10. AFTER SHOWERING! Not that I feel strongly about it or anything...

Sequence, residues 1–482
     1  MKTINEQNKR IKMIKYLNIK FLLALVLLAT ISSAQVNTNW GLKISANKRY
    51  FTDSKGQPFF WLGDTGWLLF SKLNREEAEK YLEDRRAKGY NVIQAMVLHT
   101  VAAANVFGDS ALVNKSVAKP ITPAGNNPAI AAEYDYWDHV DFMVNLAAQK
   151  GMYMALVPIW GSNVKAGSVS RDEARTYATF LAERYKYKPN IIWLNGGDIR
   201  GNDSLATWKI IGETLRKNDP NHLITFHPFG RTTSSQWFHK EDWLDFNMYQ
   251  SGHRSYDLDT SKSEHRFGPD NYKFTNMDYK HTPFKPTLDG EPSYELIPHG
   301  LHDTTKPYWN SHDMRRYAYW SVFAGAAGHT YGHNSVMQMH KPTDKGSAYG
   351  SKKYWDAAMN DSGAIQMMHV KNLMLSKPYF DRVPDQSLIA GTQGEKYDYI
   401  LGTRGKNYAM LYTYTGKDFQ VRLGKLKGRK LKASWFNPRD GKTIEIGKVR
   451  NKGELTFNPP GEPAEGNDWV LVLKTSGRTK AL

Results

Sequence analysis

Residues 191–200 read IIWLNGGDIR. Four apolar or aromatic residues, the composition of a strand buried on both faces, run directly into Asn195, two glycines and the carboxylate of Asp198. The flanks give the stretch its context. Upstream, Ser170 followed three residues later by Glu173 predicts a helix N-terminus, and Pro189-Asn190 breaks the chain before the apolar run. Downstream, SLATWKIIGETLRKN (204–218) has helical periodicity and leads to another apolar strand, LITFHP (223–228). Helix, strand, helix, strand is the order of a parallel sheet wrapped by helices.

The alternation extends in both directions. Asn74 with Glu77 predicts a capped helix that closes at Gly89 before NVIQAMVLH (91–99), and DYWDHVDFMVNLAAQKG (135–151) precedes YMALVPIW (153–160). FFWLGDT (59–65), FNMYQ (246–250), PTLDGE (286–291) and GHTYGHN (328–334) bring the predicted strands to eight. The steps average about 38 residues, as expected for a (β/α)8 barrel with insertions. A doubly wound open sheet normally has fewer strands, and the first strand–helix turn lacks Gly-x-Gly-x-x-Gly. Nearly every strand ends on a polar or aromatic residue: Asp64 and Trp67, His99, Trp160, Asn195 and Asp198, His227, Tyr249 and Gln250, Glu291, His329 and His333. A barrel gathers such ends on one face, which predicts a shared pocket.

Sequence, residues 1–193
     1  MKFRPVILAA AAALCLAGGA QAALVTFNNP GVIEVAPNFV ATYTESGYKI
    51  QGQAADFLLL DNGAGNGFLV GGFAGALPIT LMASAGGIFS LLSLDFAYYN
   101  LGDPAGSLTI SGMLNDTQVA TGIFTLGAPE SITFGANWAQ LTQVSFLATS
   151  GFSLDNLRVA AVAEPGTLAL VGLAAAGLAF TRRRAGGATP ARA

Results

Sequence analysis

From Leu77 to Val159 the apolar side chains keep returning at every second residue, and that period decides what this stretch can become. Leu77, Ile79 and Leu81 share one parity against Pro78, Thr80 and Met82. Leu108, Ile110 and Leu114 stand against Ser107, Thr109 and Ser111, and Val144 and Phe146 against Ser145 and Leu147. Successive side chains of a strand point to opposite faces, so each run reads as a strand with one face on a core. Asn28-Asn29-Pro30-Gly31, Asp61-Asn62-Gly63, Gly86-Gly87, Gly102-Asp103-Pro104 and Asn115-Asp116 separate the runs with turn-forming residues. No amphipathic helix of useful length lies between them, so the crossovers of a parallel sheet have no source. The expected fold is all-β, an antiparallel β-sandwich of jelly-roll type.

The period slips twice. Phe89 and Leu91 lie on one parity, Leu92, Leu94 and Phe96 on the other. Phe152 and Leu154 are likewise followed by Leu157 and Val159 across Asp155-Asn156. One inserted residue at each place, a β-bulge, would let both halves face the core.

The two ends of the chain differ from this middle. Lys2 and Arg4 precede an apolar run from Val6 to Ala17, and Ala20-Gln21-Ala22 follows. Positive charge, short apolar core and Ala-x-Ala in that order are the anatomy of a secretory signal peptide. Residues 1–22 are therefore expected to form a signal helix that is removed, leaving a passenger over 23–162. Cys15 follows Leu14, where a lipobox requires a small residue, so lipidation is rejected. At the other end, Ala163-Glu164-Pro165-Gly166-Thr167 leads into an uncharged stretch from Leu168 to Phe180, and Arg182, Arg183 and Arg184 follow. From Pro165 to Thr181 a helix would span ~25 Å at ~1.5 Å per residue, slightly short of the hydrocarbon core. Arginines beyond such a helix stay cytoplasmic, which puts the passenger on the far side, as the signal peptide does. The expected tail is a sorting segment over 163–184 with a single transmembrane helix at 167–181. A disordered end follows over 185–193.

11. I've found plenty of sources saying it shouldn't be used in patients who already have hypotension, which I did at that point. http://www.nps.org.au/publications/health-professional/nps-radar/2013/december-2013/ivabradine "Ivabradine may influence retinal function in humans through interaction with hyperpolarisation-activated currents (Ih) in the retina.3,11 These visual disturbances* usually resolve spontaneously." (What does that first bit mean?) "consider stopping therapy in patients experiencing any unexpected deterioration in vision." I'm waiting for the RNIB to ring me back, and will talk to the optometrist as soon as I can.